What would we do without chemicals?

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What WOULD we do without chemicals?

Well, we wouldn’t be here, for starters!  Neither we, nor anything else on this planet, would be alive.  Chemicals are what we are – because the basis of all living things, as well as rocks and soil and sky and sea – is chemistry. As one scientist has put it, “a chemical is an identifiable constituent of every organic compound”.

So to talk about spraying – or not spraying – “chemicals” in our garden is a bit of a misnomer.

When practitioners of “organic” gardening talk about not controlling pests and weeds with chemicals they are generally talking about manufactured synthetic chemicals which have been proved harmful to other organisms. 

DDT is a good example of this.  Once thought of as the saviour of Humankind, at least in terms of pest-free food production, it proved to have such damaging effects on other life forms, such as reproduction in birds, that it was withdrawn from common use.  Other manufactured chemicals have proved similarly harmful to humans, birds, mammals, reptiles and fish.  Once ingested via the food chain they can play havoc with our health in all sorts of horrible ways.  Cancer, genetic disorders, organ destruction and damage to the nervous system are just some of the horrors we associate with chemical toxicity. 

Today, in countries with high health standards, chemical products that have been proven harmful to human health are not licensed for use in agriculture, commercial horticulture or the home garden.  Those products that ARE readily available to us through hardware stores and garden centres are deemed harmless to humans (unless ingested or applied directory to the skin). However this does not mean that these products cannot harm other life forms in the environment, particularly if used carelessly or to excess.

It’s important to know the difference between the chemicals used for control of pests and weeds in gardens.  In brief, “natural” chemicals are those that occur naturally in the environment.  Synthetic chemicals are those that don’t appear naturally in the environment and of these the most environmentally damaging are the organophosphorus pesticides because they kill (rather horribly) by irreversibly inactivating a vital enzyme.  By contrast, the carbamate insecticides, derived from the organic compound carbamic acid, reversibly inactivate the same enzyme and are thus less drastic. Old-generation garden insecticides did their deadly work by, put simply, covering the plant (usually the leaves) in an adhesive contact poison that killed pretty well whatever ate it or even landed on it.  New-generation systemic insecticides, by comparison, are absorbed by the plant through the leaves or roots and kill only those insects that actually devour the leaves, such as caterpillars and hoppers.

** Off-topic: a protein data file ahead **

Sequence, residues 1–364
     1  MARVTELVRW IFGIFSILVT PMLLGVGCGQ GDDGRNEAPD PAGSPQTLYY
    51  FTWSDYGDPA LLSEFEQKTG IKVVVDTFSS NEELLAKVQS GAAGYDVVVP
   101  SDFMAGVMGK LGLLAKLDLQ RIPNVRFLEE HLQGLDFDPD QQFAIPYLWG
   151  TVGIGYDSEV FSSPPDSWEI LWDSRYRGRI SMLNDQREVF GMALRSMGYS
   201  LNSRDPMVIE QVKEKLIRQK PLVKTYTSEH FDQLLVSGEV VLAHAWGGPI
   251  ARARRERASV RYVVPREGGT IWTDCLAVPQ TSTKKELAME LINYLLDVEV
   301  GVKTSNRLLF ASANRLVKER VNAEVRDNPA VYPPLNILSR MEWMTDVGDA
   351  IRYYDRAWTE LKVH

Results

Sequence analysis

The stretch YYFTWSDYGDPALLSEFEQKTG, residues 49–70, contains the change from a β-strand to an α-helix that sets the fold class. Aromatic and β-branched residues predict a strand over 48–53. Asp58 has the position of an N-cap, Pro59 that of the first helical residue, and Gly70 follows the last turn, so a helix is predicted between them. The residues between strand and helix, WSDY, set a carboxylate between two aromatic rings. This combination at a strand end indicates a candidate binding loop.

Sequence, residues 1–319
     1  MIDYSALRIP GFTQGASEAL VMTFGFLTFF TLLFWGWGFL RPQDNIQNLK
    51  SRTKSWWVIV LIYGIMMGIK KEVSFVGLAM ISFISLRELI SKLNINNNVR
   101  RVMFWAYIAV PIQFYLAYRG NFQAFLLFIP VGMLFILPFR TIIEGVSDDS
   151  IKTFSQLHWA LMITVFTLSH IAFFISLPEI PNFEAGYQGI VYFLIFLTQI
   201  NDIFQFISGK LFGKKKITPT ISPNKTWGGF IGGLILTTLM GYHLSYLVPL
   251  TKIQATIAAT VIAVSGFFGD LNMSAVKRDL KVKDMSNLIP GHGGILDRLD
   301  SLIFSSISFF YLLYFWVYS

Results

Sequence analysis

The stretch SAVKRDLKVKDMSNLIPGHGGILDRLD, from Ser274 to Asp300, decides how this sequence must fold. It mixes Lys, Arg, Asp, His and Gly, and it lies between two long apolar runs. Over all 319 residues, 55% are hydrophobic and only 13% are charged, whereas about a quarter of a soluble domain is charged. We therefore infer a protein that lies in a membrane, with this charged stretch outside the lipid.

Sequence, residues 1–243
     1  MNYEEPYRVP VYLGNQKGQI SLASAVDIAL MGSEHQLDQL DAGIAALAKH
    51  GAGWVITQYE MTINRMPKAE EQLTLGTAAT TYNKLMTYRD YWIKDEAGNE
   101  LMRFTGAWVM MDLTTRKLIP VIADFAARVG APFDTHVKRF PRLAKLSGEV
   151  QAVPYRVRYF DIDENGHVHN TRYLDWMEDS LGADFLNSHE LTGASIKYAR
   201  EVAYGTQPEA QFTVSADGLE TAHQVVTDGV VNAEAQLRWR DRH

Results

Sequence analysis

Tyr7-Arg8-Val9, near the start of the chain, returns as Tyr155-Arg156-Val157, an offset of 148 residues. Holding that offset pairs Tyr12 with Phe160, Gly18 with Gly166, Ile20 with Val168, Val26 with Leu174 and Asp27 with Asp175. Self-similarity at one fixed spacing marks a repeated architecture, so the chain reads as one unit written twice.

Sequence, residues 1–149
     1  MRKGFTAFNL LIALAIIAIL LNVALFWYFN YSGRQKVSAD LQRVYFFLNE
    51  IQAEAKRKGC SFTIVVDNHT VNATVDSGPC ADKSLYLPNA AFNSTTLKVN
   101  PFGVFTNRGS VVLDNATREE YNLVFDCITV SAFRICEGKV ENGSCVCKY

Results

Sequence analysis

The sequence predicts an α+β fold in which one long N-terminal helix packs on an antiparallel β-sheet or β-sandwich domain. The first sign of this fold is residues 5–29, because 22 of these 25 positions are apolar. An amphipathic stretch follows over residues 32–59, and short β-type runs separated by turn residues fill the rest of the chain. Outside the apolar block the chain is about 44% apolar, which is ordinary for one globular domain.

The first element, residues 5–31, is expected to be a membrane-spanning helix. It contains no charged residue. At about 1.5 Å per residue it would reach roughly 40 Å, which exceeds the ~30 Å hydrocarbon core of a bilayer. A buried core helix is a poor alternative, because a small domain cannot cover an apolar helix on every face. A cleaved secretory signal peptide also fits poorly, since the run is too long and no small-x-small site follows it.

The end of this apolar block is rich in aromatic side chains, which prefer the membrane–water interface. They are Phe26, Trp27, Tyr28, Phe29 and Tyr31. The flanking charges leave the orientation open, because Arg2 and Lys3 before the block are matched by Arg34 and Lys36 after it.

In line with the GardenEzi philosophy of making all aspects of gardening easier, let’s look at the most common garden-use chemicals – synthetic and natural – to see what effects they have around the garden.

Confidor – otherwise marketed as Bayer Complete Tree, Shrub and Garden Insect Control.  The active chemical is imidacloprid, a systemic chemical.  This is a very effective pesticide against a range of otherwise hard-to-kill insects and though it has (so far) proved remarkably benign in the environment, it DOES kill bees, other pollinators, and “beneficial” predators that eat other insects.  Thus this product should NEVER be used on (or near, if you are a careless sprayer) plants that are in flower.             

Glyphosate – a weak organic acid compounded of glycine and phosphonomethyl,  usually marketed under the brand name Round-Up. This product kills weeds, not insects, and is therefore, like most weedicides, much safer to use in the garden. It breaks down fast in the environment but can contaminate water run-off in the short term with sufficient toxicity to kill or adversely affect the health of fish and other aquatic life. 

Diazinon – a synthetic organophosphate marketed under names such as Gardentox, Knoxout and Dazzel.  Used as a general garden insecticide.  It breaks down quickly in the environment – usually within a few hours and no longer than two weeks – and is not considered carcinogenic or a major risk to humans and other mammals (unless directly ingested). Nonetheless it’s now banned in the United Sates (as a garden product) and is such a nasty toxin, with such a drastic effect on many insects, that it’s hard to believe that it wouldn’t have an equally severe effect on birds, mammals and pondlife.

Carbaryl – a carbamic insecticide marketed most commonly as Sevin.  It’s very toxic to insects …including bees – but not found dangerous to humans or the general environment (unless you swallow it!).  Even so, it has been banned in the United Kingdom and several other countries.

Dimethoate – a synthetic organophosphate that kills insects rather horribly and is also highly toxic to fish and other wildlife if directly exposed.  Marketed under names such as Rogor.  As it  breaks down quickly in the environment it is not considered

Meltadehyde – a molluscicide (slug and snail killer) marketed under names such as Blitzem.  This is a very savage stomach poison and though it is combined with a bitter-tasting chemical agent to deter children and pets from eating it, it’s still a risk to wildlife – mainly because while they might not eat the pellets they can still ingest the slug or snail.  The effects of meltadehyde would appear to be very specific to molluscs, but if the chemical is considered risky for children and pets then wouldn’t it be dangerous to other life forms too?  I feel this product should only be used in city gardens which are not visited by small wild things, and should be covered so that birds can’t reach the pellets.  Organic gardeners use natural things such as coffee grounds and sawdust  to repel slugs and snails, and this is a safer remedy. Metaldehyde degrades into carbon dioxide and water so has no residual effect in the soil.   

Fenthion – sold under brand names such as Lebaycid and Baycid.  A seriously horrible nerve poison that kills by contact and through penetration.  Effective against a wide range of insects including aphids, thrips, bugs, caterpillars, crickets, moths and spiders – a real super killer because it is fairly toxic to mammals and is also used to poison nuisance birds. Its use in the home garden is restricted to ornamentals (NOT fruit and veg!) but even so, I wouldn’t use it in mine!